Goldmandra Thu 04-Jul-13 19:43:15

We even covered puppies, which i would highly recommend for socially awkward kids, what more could you ask for!

Agreed, apart from when said child loses it about the chewed up stress ball. We'd just tidied that bedroom too sad

claw2 Thu 04-Jul-13 19:39:24

We even covered puppies, which i would highly recommend for socially awkward kids, what more could you ask for!

MumuDeLulu Thu 04-Jul-13 19:33:15

And covered all the pros and cons of Normalising-wait&see v. Investigating-treating.

claw2 Thu 04-Jul-13 19:25:02

I was just thinking the same, how it turned into an interesting respectful discussion!

MumuDeLulu Thu 04-Jul-13 19:17:20

Blimey! An AIBU thread about possible SN / possible far end of 'ordinary' in which the vast majority of posts are respectful and possibly very helpful.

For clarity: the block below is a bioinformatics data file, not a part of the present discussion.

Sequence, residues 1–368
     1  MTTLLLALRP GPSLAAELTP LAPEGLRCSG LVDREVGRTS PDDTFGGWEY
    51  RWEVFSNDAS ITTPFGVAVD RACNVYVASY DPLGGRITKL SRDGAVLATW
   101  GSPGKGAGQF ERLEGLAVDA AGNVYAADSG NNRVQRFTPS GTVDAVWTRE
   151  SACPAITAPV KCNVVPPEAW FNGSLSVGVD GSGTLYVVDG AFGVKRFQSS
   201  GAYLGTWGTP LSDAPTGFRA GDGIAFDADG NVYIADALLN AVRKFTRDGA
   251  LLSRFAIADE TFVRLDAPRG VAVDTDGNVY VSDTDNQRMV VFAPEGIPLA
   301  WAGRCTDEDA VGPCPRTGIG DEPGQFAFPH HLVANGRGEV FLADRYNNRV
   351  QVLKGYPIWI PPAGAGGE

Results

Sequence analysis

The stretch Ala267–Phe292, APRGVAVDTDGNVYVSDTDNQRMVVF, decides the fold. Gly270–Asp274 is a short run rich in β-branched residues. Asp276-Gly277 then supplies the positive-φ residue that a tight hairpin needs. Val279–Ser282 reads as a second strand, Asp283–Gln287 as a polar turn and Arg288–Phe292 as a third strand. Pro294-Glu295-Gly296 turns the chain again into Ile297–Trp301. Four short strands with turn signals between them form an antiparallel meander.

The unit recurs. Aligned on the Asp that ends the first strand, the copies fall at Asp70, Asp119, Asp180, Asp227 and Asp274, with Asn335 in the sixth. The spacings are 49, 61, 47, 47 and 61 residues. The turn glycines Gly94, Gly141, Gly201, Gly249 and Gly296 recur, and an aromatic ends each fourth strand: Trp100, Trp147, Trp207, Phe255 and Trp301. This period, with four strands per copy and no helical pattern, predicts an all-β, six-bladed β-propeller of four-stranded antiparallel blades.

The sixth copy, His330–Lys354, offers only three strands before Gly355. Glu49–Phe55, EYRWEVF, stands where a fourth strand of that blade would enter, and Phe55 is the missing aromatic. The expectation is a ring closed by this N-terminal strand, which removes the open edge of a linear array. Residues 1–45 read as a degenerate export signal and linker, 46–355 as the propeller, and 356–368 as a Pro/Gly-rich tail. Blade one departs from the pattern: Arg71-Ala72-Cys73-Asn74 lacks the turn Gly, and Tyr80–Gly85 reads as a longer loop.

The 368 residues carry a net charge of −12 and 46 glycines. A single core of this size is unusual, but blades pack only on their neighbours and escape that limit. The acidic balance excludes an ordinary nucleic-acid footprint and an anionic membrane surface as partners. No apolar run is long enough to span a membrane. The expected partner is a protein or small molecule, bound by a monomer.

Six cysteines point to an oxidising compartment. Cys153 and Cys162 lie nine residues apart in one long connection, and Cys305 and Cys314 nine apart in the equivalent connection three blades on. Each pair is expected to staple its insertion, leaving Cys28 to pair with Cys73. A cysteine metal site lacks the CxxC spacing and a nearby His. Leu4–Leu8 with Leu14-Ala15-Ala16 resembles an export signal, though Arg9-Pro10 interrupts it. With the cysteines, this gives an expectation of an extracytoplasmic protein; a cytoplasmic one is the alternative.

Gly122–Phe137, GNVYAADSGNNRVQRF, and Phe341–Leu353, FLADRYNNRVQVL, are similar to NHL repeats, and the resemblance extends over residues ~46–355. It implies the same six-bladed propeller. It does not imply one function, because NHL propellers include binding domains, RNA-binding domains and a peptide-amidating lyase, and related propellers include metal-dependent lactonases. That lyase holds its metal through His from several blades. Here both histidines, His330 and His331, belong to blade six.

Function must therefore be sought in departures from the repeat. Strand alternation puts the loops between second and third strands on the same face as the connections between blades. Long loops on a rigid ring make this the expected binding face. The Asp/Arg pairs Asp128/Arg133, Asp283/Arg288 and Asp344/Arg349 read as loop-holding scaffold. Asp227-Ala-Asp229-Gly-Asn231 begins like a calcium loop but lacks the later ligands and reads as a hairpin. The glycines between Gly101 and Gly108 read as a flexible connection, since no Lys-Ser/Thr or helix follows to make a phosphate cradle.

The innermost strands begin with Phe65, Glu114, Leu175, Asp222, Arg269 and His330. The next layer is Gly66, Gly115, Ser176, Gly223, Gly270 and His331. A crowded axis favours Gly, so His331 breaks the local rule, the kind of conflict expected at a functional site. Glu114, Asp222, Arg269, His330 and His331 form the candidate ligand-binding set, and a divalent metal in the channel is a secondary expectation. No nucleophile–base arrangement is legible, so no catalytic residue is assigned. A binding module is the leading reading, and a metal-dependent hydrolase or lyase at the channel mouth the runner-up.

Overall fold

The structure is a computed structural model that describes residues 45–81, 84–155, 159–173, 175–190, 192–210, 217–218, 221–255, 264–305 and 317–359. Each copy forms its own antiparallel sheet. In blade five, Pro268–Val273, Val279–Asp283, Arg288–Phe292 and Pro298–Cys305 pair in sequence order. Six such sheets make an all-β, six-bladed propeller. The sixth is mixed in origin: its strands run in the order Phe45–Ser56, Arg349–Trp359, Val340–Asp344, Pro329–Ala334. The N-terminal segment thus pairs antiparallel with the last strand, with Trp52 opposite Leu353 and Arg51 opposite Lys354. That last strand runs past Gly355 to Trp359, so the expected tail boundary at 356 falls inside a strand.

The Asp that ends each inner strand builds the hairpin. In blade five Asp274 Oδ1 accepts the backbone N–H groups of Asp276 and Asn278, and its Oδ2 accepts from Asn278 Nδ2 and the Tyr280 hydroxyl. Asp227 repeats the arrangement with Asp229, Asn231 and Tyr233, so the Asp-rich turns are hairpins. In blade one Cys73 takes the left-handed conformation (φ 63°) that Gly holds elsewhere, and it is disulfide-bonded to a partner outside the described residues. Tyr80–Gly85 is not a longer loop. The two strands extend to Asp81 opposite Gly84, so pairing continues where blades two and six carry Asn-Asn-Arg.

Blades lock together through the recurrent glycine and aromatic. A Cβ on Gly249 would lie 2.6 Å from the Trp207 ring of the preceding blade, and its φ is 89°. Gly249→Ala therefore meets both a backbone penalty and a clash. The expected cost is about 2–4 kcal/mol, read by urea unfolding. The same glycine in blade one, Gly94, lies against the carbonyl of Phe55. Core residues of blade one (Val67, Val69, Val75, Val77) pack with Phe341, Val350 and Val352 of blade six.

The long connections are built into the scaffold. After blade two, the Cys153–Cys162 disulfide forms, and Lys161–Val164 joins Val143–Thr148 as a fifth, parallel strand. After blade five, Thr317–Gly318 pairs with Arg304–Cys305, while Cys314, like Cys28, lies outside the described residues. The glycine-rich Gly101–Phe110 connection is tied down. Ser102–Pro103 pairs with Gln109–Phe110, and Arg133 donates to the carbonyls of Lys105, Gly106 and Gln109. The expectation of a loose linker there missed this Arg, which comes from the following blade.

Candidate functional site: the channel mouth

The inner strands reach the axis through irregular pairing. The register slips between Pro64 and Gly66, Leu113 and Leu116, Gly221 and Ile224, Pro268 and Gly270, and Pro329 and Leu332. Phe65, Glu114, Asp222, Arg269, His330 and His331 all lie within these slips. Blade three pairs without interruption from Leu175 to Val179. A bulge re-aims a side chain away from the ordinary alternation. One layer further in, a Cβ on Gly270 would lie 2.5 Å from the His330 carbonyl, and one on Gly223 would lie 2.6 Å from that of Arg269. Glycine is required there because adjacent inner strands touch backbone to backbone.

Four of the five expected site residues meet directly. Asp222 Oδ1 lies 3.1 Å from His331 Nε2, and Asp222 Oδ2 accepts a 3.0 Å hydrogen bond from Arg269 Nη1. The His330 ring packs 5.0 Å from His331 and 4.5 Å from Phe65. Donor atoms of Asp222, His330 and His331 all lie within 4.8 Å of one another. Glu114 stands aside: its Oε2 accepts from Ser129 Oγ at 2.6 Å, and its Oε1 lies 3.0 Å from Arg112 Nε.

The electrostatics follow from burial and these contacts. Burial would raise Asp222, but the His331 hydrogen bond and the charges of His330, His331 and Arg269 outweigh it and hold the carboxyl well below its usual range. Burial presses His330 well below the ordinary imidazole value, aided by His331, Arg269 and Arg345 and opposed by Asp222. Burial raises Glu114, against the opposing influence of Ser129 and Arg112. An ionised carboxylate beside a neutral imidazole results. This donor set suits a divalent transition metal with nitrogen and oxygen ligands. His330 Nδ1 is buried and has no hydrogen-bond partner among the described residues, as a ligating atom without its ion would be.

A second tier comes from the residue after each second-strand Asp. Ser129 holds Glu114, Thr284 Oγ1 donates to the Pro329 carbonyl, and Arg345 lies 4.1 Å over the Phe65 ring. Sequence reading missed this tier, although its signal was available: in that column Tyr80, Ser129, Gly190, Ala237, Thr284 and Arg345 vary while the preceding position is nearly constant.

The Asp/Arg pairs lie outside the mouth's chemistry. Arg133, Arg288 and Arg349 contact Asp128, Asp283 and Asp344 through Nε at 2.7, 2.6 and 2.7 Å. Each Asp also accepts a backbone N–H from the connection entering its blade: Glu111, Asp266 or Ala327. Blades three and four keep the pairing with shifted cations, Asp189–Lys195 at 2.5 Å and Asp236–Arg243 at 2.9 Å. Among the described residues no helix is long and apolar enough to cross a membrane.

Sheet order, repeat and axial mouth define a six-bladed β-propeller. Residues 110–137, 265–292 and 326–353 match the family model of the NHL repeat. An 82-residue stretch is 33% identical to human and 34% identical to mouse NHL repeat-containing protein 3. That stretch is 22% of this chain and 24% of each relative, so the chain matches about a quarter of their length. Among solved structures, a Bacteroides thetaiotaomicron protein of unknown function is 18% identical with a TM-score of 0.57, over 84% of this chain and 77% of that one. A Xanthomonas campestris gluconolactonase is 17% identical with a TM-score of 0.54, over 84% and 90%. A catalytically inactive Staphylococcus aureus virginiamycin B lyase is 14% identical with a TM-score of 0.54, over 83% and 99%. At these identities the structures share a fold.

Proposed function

We need to report it. Is this a record?

Crumbledwalnuts Thu 04-Jul-13 19:10:01

Lol don't worry and I'm sure what you say is true.

claw2 Thu 04-Jul-13 19:07:51

Sorry, I wasn't ignoring you, had to take said puppy for a walk!

I suppose it is a case of what came first the chicken or the egg or in this case the condition or investment in pharmaceutical industry.

It is much like the education 'industry' of SN's and provision, where the government have the monopoly on assessment and provision. The same person is responsible for sub contracting assessments of needs, as is providing of provision and purse strings.

Regardless of finance gain, I am sure there are many who have been crippled with severe depression, some maybe even suicidal who have welcomed those drugs/help/support to enable them to function.